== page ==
Today is rather unique for me as an artist. In fact I'm pretty sure that such a fundamental seismic shift in style doesn't happen to artists very often. Many of you have read and seen me banging on for years about how sculpting isn't all I can do. But I've shown very little evidence of that...mainly as I rarely get a chance, to being quite honest.
I always remember as a teenager a mate and myself were watching a documentary on the life of Pierre Mondrian on TV and being amazed at how basically he woke up one day and went from being a traditional artist painting normal stuff to painting fucking coloured squares and lines in the space of a single nights sleep. It just didn't appear to make any sense...well it does to me now. I totally understand how it can happen to an artist. Maybe that's being overly dramatic but I think releasing what I have done today and a total change of style that goes with it allows me that privilege. PMSL
I'm known as the 'Mudbox guy' or the 'creature guy' or 'that annoying git who sculpts really fast' or 'that guy who moans like a bitch on his YouTube videos' or variations on that theme. From today I'd like to think that changes maybe just a little.
You'll have noticed the main site (www.DashDotSlash.net) has have a major facelift and a massive load of new content. Very few of the images added are monsters or what I'd call my 'usual work' that you have seen for over a decade now. So watch the following video before you read any further.
While talking with Mike Seymour from FXPHD a month or two back about what my next course for them would be, we got talking about the other things I do that I rarely, if ever show. We decided maybe it was time to start showing one of those 'hidden skills' of mine as part of the course I'm giving this term at FXPHD. It is called MOD301 3D Digital Enviroments. For more details on the course I'd strongly advise watching the zero day video introducing this and other courses this term at FXPHD. Those of you that know the way they rate course difficulty at FXPHD know that they have 3 levels, 100, for beginners, 200 intermediatte an level 300 which is far more advanced. If there was a level 400 course,then this could be it, this will not be an easy course I can promise you that, but you will learn a lot.
So in preparation for the course I was tasked by Mike Seymour to basically produce a few full 3d non projection / non 2.5d mattes that used none of the usual tricks and could support any camera move needed. So I did ...and sort of went a bit nuts in the process with joy making a total of over 40 different mattes in a 30 day period (that included the xmas and new year period). I've picked a handful of these for the video, the course promotion and my site.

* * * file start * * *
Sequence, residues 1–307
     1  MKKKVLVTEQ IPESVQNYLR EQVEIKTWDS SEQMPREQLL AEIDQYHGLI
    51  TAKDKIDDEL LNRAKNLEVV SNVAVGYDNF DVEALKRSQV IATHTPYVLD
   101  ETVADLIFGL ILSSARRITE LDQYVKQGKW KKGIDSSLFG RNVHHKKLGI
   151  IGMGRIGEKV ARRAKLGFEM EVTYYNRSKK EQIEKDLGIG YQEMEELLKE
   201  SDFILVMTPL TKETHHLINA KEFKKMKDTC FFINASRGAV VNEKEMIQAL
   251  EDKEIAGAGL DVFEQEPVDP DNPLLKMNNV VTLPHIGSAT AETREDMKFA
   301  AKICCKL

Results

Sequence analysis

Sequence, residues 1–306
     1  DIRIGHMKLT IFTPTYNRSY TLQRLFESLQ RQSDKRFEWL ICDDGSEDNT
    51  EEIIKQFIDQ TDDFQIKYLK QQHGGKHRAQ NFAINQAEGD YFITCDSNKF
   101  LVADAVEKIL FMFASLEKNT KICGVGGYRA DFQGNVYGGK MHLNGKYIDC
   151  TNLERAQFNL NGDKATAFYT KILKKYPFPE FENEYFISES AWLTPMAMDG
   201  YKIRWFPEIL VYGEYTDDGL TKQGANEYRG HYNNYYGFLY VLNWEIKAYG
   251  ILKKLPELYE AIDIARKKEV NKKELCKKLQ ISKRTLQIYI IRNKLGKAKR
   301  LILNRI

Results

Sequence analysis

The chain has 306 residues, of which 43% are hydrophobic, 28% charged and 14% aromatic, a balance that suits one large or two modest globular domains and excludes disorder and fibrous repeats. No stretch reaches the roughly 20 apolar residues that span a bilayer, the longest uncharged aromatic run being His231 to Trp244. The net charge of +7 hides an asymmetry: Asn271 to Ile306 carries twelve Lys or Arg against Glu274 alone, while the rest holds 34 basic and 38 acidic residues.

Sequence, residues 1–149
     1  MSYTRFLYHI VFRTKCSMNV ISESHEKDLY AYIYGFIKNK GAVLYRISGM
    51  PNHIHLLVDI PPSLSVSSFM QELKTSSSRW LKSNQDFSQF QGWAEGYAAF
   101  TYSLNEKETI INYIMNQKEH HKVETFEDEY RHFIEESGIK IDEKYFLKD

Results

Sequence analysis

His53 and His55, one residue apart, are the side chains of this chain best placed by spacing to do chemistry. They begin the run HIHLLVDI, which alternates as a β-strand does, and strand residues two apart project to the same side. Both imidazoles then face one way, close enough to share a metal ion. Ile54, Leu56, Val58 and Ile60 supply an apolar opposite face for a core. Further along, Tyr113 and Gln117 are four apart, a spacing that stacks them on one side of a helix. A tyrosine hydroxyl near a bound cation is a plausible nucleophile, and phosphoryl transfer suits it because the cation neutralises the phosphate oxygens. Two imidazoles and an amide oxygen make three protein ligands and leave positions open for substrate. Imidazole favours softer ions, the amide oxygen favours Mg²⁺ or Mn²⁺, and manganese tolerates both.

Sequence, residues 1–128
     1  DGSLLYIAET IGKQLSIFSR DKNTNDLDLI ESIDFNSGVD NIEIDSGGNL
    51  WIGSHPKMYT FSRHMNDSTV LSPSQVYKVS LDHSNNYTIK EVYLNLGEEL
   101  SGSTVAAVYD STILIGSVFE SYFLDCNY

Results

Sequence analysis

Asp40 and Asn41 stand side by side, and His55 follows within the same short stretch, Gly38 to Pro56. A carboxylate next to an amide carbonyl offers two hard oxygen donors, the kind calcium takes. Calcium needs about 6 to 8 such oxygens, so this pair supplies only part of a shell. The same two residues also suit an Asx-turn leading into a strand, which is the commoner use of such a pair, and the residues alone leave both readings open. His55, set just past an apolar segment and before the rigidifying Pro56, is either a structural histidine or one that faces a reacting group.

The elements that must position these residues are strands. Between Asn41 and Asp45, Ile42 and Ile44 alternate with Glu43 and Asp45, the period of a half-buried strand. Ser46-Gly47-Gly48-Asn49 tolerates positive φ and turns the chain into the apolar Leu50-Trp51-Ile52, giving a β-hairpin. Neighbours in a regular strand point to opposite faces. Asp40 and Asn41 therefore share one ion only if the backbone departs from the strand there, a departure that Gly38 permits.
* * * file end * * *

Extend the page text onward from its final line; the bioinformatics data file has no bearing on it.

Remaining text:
Now as you can imagine, Mike had only wanted a couple or so ...so when he started multiple finals most days he got a bit of a shock lol. The poor bloke probably feels like he's been under siege. He even dropped a few hints about what I was doing on the last FXPHD podcast and said some very nice things here : http://www.fxphd.com/fxphdod/fxphdod-%E2%80%93-december-21-2011/ (hint: its in the last 5 mins of the podcast)
For a while I've started feeling creatively bored with creatures and whatnot and wanted to put more 'art' into my art. I felt I was being overly limited by the 'mudbox guy' and 'creature guy' label. One thing that I took from the whole episode of making my short 'Of Gods and Men' that I pulled , was that no one realised it was a mix of both real back plates and full 3d back plates.... (Now maybe people were just too busy watching the crappy dragon animation I had to do in 10 mins after being let down by the guy who promised to do it months earlier lol).
It was intentional that I never told people what shots were 3D, or even if there were any full 3D shots in it, or even what was 'proper' footage. Mainly this was as I wanted to see if people would be able to tell if they were not told in advance. If they did, then they never said, so on that score those shots hit their aim of being invisible as 3D. :)
Back then I came up with a workflow that now allows me to create these full 3D matte's very fast using a combination of Mudbox, Vue and 3D Max. (now, 'Matte' is probably the wrong word really as these are really full 3d environments capable of any camera move a director wants to throw at them and not just static scenes or plates) Although the ones you see that I've released today are all created using 3dmax, the course will be using Maya as its used more in high end film production. (...and many of those guys regularly take FXPHD courses.)
When I 1st started 3D I started in apps such as Bryce and Vue, but back then and to some point, even today they weren't seen as 'real 3D apps'. Its only in the last 2 years that we've seen Vue especially become a hardcore production tool and my bet is nearly every film released in 2012 that has effects work in it will have had vue used somewhere. So the time is right to make sure you know it well.
Yesbefore you ask I'll still do my speed sculpts and other sculpting stuff, but now I'm starting to show the other areas I can do things in. So I have a feeling this will be an interesting year.